It has been more than half a century since Japan’s world-famous ‘bullet train’ made its first journey, a little over a week before the opening ceremony of the 1964 Olympic Games in Tokyo, and there is still no better way to explore this endlessly fascinating country, especially if you want to see as much of Japan as possible in a limited time. More properly known as the Shinkansen, these high-speed trains link most of Japan’s main cities on the islands of Honshu and Kyushu, and in March of this year the line was extended, via the undersea Seikan Tunnel, to the northern island of Hokkaido. Running at speeds of up to 320km per hour, the ‘bullet trains’ are renowned for their sleek design, high levels of comfort and their punctuality; departures are timed to the second, and in the rare instance of a train being more than one minute late, it is announced as delayed. The ride is surprisingly smooth, given the speed at which you are travelling, and you can experience the thrill of speeding through the countryside on the ‘bullet train’ for yourself on our 14-day ‘Essence of Japan’ tour.
Most visitors begin their exploration of Japan in the capital, Tokyo. A city of more than 13 million people, it offers an ideal introduction to the ‘Land of the Rising Sun’ and there is certainly no shortage of sights and things to do. The grand Imperial Palace makes a good starting point, while other highlights include the photogenic Meiji Shinto shrine complex and the Art Triangle Roppongi, a collection of three absorbing art museums. Reflecting the technological obsessions of modern Japan, the Miraikan National Museum of Emerging Science and Innovation is definitely worth a visit, if only to see some of the world’s most advanced robots being put through their paces.
Travelling westwards you will reach Kyoto, which was, for more than a thousand years, Japan’s capital city and the residence of the imperial court. Here you’ll find the country’s most famous geisha district, Gion, where you might like to pause and experience the age-old Japanese tea ceremony. Kyoto is renowned for its wealth of historic temples, such as the splendid Kinkaku-ji or Golden Pavilion, a lakeside temple adorned with gold leaf, and the Ryoan-ji Temple, with its Zen rock garden, while you can follow in the footsteps of the shoguns at the impressive Nijo Castle, which dates back to 1603. Kyoto’s contemporary architecture also has its admirers, and the futuristic, 15-storey Kyoto Railway Station is something of an attraction in itself. One of Japan’s largest buildings, it houses, among other things, a shopping mall, cinema and hotel, as well as being a major transport hub.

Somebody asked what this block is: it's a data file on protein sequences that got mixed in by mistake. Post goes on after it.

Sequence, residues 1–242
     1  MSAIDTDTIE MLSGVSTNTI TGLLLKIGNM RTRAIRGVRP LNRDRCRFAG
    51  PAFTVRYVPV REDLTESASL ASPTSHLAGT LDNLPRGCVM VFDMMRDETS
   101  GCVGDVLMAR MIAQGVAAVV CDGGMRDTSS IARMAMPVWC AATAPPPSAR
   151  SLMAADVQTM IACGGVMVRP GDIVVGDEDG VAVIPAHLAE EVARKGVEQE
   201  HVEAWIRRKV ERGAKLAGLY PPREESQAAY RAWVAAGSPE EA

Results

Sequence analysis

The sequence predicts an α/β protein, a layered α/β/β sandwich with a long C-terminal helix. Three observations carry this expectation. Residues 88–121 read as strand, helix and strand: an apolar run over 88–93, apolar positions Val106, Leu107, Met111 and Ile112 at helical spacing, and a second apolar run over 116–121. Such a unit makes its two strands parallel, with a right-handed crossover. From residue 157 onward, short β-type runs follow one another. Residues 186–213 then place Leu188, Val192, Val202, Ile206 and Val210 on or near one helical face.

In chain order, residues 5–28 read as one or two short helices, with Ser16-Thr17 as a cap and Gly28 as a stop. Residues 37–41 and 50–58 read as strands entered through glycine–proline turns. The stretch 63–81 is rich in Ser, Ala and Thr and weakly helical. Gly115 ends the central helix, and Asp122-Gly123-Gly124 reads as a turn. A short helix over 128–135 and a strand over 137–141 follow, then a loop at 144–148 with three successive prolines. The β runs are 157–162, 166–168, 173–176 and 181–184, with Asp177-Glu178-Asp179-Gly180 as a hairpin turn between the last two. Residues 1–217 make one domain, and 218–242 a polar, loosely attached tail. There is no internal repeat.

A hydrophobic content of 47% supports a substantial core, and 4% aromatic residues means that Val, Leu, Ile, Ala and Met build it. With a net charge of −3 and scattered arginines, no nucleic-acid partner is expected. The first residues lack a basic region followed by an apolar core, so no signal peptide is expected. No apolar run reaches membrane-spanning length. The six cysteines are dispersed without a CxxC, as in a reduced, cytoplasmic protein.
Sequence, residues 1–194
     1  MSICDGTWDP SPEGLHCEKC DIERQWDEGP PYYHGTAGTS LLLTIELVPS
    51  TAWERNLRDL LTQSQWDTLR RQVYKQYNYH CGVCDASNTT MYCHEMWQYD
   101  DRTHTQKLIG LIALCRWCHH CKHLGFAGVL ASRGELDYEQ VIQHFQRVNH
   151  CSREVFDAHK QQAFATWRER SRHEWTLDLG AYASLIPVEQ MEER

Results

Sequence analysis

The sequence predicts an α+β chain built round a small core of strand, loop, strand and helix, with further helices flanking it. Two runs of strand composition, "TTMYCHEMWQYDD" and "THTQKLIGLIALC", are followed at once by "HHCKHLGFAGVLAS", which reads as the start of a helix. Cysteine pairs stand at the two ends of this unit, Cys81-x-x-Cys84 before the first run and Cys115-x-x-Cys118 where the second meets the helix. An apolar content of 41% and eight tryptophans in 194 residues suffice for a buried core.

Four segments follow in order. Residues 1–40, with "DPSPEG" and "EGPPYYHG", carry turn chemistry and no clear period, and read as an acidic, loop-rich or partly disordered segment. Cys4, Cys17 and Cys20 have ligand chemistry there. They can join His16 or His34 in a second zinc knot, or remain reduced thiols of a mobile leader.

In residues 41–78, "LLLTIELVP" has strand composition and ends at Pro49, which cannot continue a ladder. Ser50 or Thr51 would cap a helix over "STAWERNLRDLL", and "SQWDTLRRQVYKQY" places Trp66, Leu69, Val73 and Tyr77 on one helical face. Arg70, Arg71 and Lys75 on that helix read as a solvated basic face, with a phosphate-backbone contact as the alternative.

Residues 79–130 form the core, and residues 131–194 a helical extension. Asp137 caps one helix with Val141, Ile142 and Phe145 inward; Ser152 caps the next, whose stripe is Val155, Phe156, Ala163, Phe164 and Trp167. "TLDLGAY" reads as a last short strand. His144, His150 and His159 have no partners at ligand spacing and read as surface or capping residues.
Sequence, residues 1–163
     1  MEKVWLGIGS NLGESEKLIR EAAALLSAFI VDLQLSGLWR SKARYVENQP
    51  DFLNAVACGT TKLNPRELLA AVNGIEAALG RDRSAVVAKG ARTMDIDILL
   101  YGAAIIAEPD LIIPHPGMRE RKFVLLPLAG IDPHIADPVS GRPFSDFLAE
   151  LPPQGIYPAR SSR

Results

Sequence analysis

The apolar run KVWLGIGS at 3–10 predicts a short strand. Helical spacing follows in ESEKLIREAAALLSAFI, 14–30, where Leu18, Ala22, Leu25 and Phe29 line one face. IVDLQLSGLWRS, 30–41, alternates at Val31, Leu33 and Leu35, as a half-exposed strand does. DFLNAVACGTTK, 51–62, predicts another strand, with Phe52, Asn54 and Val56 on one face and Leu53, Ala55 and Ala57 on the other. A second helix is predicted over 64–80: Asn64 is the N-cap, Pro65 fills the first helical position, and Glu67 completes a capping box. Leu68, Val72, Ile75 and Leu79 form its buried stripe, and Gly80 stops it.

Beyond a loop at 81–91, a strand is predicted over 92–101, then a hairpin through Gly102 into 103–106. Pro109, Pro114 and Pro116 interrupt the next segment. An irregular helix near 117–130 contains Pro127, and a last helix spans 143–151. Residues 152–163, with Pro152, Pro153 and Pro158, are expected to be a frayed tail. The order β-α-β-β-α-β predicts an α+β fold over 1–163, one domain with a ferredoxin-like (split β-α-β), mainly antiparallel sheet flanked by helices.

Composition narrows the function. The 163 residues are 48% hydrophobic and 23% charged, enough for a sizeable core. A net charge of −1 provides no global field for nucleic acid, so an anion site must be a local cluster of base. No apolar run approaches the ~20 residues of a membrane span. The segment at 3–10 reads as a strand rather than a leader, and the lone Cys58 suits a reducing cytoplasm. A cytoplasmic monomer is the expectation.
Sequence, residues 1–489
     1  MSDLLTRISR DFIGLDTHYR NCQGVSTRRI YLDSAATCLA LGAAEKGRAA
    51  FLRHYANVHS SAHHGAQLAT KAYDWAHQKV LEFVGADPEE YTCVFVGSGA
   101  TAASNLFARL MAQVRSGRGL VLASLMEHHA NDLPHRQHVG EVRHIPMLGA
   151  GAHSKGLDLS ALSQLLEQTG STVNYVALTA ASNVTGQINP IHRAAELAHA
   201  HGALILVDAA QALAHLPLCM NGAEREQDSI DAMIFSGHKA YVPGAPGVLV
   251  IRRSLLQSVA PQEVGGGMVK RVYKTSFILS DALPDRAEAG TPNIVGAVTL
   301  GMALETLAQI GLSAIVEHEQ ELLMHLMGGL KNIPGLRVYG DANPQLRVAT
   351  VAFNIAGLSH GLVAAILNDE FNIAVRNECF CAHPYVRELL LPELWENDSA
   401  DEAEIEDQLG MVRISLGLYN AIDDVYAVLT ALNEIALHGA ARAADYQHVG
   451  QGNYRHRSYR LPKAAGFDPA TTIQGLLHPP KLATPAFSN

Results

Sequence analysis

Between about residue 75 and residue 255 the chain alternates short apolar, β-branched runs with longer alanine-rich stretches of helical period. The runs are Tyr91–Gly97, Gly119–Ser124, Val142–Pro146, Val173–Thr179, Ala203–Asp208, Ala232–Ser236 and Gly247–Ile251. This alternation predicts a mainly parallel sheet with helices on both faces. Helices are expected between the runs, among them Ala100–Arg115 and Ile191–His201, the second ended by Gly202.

Heading north from Kyoto, the ‘bullet train’ will take you to the coastal city of Kanazawa, best known for the exquisite Kenroku-en Garden, whose landscaped grounds encompass ponds, streams, tea houses and a variety of flowers and trees. A startling contrast is provided by the nearby 21st Century Museum of Contemporary Art, an innovative glass-walled, circular structure displaying international artworks, while for a taste of modern Japan, take a wander through the busy Omi-cho Market, packed with stalls selling fresh local seafood, fruit and vegetables.
The Shinkansen rail line continues towards Hiroshima, a name forever linked with one of the most momentous events of the 20th century: the dropping of the first atomic bomb in 1945. Since then, Hiroshima has become a symbol of international peace and reconciliation and is home to one of the more poignant and thought-provoking monuments on UNESCO’s World Heritage list: the Genbaku Dome, or Hiroshima Peace Memorial, which was the only building left standing after the bomb was dropped.
Step aboard the ‘bullet train’ and join us for an unforgettable holiday in Japan, experiencing the big-city buzz of Tokyo and the ancient temples of Kyoto and Nara, the snow-capped majesty of Mount Fuji and the peacefulness of Hiroshima. Let your Japanese adventure with Titan begin!
Find out more about ‘Essence of Japan’.